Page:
Birmingham Royal Ballet brought their Spring Season double bill to the London Coliseum for two days only, on March 13th and 14th. The programme offered two pieces by the English choreographic master Sir Frederick Ashton. Ashton is correctly recognised as a diverse dance-maker, with works ranging from the divinely abstract Symphonic Variations to the expressively lush A Month in the Country (being performed at the Opera House this summer). The two works shown – Daphnis and Chloë and The Two Pigeons – are based upon existing narratives that inspired the movement.

Ambra Vallo as the Young Girl and Chi Cao as the Young Man in Two Pigeons, © Bill Cooper
Ambra Vallo as the Young Girl and Chi Cao as the Young Man in Two Pigeons,
© Bill Cooper

The original Daphnis and Chloë was choreographed by Michel Fokine in 1912 for the Ballets Russes, with a heavyweight opening night cast featuring Nijinsky and Tamara Karsavina. The choreography was supported by the impressionistic Ravel score, which is still recognised as one of the composer’s best works. Ashton’s version premièred in 1951 with an equally illustrious first cast of Margot Fonteyn and Michael Somes. The work, originally by the ancient Greek writer Longus, tells the story of two lovers who face numerous obstacles before their path to togetherness is realised.

The piece itself doesn’t fare so well in 2012. The company dancers did the work justice, but I’m not too sure if their favour was repaid. Jenna Roberts as Chloë had a wonderful ‘look’, but didn’t convey any real depth in her dramatic performance. Jamie Bond as Daphnis was a striking shepherd with a secure technique, proving that he could cope with a far meatier role.

The work looked dated – but sadly not dated like a timeless masterpiece from the early 20th century: more like something lukewarm from the 1950s. The lighting throughout was arresting and kept reminding me of the Hollywood heyday of the musical film, which made me realise that although Daphnis and Chloë looks quite like an incredibly good dream sequence from a Gene Kelly movie, it isn’t. The ballet genre often gets a hard rap for poor storytelling, and this was a perfect example. I haven’t read the Longus text, but I assume it would leave me feeling more satisfied and less confused in the end.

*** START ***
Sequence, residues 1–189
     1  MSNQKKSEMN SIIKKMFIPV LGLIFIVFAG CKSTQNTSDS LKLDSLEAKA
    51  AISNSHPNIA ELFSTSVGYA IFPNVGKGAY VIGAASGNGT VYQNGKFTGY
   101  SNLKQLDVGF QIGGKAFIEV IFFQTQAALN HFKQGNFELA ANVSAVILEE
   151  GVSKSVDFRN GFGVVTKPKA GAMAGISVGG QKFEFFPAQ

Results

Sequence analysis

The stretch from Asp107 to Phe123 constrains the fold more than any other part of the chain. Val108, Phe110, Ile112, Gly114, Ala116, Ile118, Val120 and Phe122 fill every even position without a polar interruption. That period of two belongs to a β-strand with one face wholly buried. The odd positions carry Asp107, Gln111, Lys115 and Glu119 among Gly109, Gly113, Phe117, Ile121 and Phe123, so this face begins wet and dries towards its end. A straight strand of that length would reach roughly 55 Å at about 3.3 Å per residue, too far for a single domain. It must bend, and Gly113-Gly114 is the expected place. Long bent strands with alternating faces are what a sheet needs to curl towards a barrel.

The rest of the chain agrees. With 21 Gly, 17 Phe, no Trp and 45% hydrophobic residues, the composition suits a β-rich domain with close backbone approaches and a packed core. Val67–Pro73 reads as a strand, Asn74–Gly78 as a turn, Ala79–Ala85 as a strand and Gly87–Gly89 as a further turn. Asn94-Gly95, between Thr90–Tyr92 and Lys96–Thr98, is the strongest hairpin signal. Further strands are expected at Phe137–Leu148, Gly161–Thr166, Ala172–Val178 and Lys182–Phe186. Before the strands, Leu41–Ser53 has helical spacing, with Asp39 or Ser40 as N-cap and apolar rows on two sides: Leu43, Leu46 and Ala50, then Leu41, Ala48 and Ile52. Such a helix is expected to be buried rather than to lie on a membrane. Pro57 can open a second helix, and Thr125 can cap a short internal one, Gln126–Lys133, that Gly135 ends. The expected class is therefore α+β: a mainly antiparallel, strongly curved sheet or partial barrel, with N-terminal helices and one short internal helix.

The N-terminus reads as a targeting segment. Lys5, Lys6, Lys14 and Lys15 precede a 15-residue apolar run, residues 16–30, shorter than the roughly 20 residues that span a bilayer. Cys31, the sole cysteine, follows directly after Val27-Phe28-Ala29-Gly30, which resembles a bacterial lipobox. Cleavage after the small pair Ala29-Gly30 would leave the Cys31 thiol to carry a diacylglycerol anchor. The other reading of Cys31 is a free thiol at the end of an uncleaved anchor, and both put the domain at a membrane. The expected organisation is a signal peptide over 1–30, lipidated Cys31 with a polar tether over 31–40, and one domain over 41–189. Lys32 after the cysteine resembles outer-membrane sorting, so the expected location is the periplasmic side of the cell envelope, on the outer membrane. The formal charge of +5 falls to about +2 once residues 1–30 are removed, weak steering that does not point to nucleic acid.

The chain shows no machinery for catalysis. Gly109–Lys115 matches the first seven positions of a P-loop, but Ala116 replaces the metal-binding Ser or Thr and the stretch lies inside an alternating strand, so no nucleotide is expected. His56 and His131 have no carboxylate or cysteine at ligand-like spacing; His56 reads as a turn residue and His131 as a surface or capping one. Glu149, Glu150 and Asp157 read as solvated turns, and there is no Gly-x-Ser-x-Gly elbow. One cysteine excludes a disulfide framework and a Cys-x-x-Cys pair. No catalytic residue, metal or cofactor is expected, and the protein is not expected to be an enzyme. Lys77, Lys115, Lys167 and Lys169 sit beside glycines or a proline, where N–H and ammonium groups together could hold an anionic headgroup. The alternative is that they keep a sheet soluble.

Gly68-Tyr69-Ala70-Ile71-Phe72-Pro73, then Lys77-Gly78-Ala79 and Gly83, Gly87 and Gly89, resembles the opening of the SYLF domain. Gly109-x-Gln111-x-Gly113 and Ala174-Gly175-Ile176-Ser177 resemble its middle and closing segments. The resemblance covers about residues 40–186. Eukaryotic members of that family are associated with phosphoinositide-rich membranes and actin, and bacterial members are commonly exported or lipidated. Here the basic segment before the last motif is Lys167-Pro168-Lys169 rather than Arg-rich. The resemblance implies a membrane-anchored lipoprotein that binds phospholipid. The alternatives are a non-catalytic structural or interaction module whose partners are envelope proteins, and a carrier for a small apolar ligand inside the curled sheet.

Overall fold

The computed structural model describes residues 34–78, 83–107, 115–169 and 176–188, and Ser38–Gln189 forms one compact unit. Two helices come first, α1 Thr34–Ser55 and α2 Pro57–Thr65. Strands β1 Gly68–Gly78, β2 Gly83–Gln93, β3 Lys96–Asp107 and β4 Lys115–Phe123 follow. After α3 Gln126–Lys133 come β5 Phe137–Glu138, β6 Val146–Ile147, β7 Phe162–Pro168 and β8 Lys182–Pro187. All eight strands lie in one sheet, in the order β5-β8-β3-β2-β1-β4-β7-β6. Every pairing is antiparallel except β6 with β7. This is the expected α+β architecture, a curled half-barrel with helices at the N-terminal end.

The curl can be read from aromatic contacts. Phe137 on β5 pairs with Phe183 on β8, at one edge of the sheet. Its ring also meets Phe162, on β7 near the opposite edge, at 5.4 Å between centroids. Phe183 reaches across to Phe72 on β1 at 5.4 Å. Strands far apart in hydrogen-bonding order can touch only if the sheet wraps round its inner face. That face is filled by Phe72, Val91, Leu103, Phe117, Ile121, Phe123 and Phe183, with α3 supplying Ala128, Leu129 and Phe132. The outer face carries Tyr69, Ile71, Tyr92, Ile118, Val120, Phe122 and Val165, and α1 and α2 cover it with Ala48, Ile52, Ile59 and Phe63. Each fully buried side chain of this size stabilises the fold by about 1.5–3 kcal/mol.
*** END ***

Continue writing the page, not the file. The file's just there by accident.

Next up was The Two Pigeons, which was created for Lynn Seymour and Christopher Gable in 1961. Ashton used an abridged version of the André Messager score that accompanied the original ballet by Louis Mérante in 1886. Both versions take the fable by Jean de la Fontaine as their basis, with Mérante using an 18th-century backdrop, and Ashton choosing 19th-century Paris. The tale is about relationships, and how boredom can compel people to flee, only to realise later that what they really desire is what they had before.

I had higher hopes for this second work, having been familiar with it as an impressionable student – and though my expectations weren‘t totally quashed, my perspective was less gullible, life having dealt me numerous blows of realism since 1995.

The work looks attractive, especially the opening scene, which had a large window overlooking the rooftops of Paris (very Le jeune homme et la mort), and who isn’t a sucker for animals onstage? The two white pigeons did an admirable job.

Ambra Vallo as the Young Girl had a naïve charm about her characterisation, and what Chi Cao’s portrayal of the Young Man may have lacked dramatically, was more than made up for by his clean and precise dancing. Carol-Anne Millar offered a very exuberant Gypsy Girl partnered by Iain Mackay as her Lover, which is too small a role for a dancer of his calibre. The corps de ballet did an admirable job throughout – but some of their garish costumes seemed excessive.

My issue with The Two Pigeons – and, in fact, with the whole evening – was its distinct lack of style. When a choreographer’s nuance is so well recognised that it becomes theorised (‘Ashtonian’), the people setting and rehearsing the works, as well as the dancers executing them, have a responsibility to communicate the necessary technique. For me, clarity of movement and exceptional footwork are key to the portrayal of any Ashton work, and both were often missing this evening.

As an avid fan, it pains me to say it, but perhaps not all of Ashton’s works should be shown in the contemporary era: even geniuses have weak moments in their repertoires. It must be remembered that not all members of the audience will be familiar with Ashton’s most enduring pieces – and tonight, these people may have left the theatre with the wrong impression.